Where to start on Flex Daily


#1

This post is NOT intended to replace any of the great resources available at support.rachio.com. In fact, I’m pointing to many of them here. However, when turning on Flex for the 1st time it can be tough to see where to start, and what some of the biggest factors are to getting a schedule that makes sense for your yard. Hopefully this helps a bit.

With these steps you’ll be telling your Rachio software about local soil, your vegetation and your irrigation hardware.

SOIL (start here!)

Don’t underestimate how important the soil setting is! Also don’t just take somebody’s word or your intuition for what type of soil you have. Unless you’ve had your soil tested,check out this guide on how to find the data you’ll need, and where to put it into your Rachio settings.

ROOT DEPTH

Do a little bit of research based on the vegetation that you have and their maturity. Setting the right root depth for ALL of your zones is very important to getting reasonable Flex Daily schedules. For lawns there are ‘soil probes’ that can help you determine how deep your roots go. Otherwise, do some research, including asking on these forums about typical root depth settings.

Here’s an example of information I’ve collected on Bermuda root depth:
Bermuda roots can vary quite a bit in length depending on the soil type. Harder clays will be in the 4-6" range, whereas in sandier soils they can get as deep to 8-10" if watered properly. Figure out your soil type first to see the range.

As you find information on root depth for other grasses, plants or trees reply to this post and share what you’ve learned!

IRRIGATION HARDWARE (Lawns):

Choose the right Nozzle / Precipitation Rate (PR)
http://support.rachio.com/article/316-precipitation-rates96

OPTION A: Use a default nozzle type to set your PR:
http://support.rachio.com/article/264-choosing-nozzle92

OPTION B: To get a more accurate idea, you’ll want to run a catch-cup test and create a custom nozzle instead of using the defaults. Doing this will also point out inefficiencies in your irrigation setup that are often easy to fix.
http://support.rachio.com/article/287-choosing-nozzle-type-watersmart4

Rather than using cups I had lying around, I found it easier to just order these catch cups, and used the associated Orbit online calculator.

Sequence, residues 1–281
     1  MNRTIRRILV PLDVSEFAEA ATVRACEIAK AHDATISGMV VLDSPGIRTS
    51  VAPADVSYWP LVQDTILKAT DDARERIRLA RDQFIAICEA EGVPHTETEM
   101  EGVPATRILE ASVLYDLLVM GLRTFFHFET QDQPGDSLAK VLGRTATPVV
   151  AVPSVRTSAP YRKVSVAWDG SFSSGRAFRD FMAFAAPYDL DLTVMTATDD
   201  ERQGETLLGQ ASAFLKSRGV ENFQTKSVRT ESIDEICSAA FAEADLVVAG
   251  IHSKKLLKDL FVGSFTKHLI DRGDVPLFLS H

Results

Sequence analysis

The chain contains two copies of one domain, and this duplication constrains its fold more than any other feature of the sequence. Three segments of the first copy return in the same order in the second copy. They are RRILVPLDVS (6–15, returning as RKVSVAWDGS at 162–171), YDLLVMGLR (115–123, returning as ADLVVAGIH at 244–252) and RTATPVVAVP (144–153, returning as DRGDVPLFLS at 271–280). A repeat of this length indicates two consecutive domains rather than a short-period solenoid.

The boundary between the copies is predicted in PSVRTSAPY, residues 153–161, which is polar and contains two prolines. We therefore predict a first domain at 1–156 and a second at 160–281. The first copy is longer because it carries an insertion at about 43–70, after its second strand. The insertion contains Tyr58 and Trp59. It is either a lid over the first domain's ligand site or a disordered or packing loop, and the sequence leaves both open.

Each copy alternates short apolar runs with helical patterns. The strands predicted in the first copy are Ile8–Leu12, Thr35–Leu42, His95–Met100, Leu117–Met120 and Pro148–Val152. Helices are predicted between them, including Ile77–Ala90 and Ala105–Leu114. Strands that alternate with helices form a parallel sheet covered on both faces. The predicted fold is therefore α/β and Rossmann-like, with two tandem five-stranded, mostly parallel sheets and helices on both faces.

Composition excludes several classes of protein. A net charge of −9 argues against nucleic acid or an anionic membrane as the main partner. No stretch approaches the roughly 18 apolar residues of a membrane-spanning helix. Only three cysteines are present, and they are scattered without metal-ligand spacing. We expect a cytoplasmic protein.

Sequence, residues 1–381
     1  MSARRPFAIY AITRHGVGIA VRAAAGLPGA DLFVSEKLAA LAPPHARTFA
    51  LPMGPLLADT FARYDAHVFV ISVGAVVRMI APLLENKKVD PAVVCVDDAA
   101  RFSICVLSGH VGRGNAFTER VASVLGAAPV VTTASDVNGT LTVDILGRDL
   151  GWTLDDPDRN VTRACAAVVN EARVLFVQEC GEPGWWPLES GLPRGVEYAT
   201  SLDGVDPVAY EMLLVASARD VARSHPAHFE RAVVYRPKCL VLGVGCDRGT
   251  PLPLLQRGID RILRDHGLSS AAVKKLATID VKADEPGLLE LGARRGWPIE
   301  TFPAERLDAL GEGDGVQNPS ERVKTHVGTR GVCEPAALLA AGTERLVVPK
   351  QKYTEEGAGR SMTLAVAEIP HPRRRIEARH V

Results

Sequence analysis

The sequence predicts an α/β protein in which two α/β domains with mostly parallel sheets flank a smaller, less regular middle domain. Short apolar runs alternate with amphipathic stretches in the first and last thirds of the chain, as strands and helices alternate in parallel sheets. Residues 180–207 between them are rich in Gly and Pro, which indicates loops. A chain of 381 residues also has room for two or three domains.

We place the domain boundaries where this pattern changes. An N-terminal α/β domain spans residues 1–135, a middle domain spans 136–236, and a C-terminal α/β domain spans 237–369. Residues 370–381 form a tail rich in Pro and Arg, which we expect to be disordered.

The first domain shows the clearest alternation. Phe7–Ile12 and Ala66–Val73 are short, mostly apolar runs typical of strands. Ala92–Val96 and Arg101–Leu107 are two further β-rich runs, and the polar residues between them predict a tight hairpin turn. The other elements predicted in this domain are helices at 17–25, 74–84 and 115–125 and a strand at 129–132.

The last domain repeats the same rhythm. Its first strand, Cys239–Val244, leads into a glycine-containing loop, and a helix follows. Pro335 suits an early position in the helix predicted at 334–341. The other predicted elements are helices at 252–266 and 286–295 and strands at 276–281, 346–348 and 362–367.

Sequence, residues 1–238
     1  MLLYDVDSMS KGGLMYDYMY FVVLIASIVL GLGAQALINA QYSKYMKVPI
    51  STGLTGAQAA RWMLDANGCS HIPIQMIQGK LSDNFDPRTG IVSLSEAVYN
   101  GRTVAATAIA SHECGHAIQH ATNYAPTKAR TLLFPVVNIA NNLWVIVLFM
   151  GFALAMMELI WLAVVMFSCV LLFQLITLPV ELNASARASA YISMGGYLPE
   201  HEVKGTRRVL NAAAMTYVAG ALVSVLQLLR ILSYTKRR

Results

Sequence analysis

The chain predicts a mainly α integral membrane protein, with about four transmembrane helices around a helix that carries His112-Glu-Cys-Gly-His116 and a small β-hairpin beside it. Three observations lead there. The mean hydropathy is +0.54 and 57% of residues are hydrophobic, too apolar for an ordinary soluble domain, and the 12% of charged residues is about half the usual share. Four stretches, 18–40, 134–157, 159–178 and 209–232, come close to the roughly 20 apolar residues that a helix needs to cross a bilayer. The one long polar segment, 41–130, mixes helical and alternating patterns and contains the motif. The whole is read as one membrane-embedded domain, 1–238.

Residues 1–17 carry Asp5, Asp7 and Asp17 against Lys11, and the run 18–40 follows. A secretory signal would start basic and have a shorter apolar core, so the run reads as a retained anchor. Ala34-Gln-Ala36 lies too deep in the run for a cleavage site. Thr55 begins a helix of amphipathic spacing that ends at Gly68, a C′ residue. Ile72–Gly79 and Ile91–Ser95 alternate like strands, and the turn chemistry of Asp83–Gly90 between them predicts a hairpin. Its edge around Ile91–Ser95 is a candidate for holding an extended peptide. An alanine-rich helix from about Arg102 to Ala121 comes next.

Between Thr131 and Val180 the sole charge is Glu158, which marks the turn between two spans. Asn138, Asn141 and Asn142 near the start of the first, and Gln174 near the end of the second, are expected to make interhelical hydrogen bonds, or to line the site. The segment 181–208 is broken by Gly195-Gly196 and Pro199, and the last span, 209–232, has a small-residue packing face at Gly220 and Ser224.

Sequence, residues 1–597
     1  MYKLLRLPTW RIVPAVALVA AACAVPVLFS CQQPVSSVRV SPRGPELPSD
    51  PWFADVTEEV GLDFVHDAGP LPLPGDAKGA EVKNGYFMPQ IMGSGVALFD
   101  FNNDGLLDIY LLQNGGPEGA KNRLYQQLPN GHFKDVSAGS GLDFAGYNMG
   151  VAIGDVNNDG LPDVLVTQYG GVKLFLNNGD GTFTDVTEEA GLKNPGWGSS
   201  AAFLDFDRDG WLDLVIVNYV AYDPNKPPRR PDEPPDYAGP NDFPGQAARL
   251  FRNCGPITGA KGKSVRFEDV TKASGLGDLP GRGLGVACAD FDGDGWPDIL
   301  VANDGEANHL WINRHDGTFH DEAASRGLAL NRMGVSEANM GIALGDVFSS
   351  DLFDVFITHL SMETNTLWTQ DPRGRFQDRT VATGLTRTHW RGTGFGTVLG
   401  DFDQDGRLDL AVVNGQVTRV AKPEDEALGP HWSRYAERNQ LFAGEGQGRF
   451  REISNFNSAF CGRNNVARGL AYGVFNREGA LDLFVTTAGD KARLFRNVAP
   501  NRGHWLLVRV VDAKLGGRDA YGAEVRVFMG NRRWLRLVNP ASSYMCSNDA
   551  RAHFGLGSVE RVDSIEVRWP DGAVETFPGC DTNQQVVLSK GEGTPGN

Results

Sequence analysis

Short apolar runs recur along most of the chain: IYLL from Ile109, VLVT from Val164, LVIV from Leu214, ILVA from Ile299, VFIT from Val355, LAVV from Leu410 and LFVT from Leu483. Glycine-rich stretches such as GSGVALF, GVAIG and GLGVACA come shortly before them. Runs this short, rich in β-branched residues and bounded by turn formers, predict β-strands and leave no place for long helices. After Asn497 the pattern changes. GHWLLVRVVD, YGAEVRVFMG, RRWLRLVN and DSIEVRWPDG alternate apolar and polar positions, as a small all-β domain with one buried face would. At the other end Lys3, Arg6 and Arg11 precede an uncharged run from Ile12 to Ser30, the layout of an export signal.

IRRIGATION HARDWARE (Drip emitters):

One of the most confusing aspects of setting up the drip system with Rachio is getting the correct precipitation rate (PR) for your zone. This calculator will help find the PR for ‘single-point’ emitter systems which are common in Arizona and some other parts of the country.

If you have continuous, evenly spaced emitters you can instead try to calculate PR using a water meter + calculator found here, or an online calculator like this one.


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#2

Would be great to have this pinned to top of Flex Daily forum


#3

In my neck of the woods, doing a soil test is mandatory.

What the USDA Soil Survey shows is what the native soil is, but when neighborhoods are developed around here, dump truck after dump truck of foreign dirt is brought in to create the new streets and lots to the appropriate grade. Then after a house is built, more foreign soil is brought in to finish the grade of the yard. Ugh. So the USDA Soil Survey speaks to what’s now about two feet under the ground…


#4

I agree soil testing is the way to go if you can, especially in situations like yours! For many the still survey works great, but not all.


#5

Think your link is bad here @azdavidr.


#6

Uggh, thanks for pointing that out @tmcgahey! Try it now.


#7

That’s the beauty I was expecting!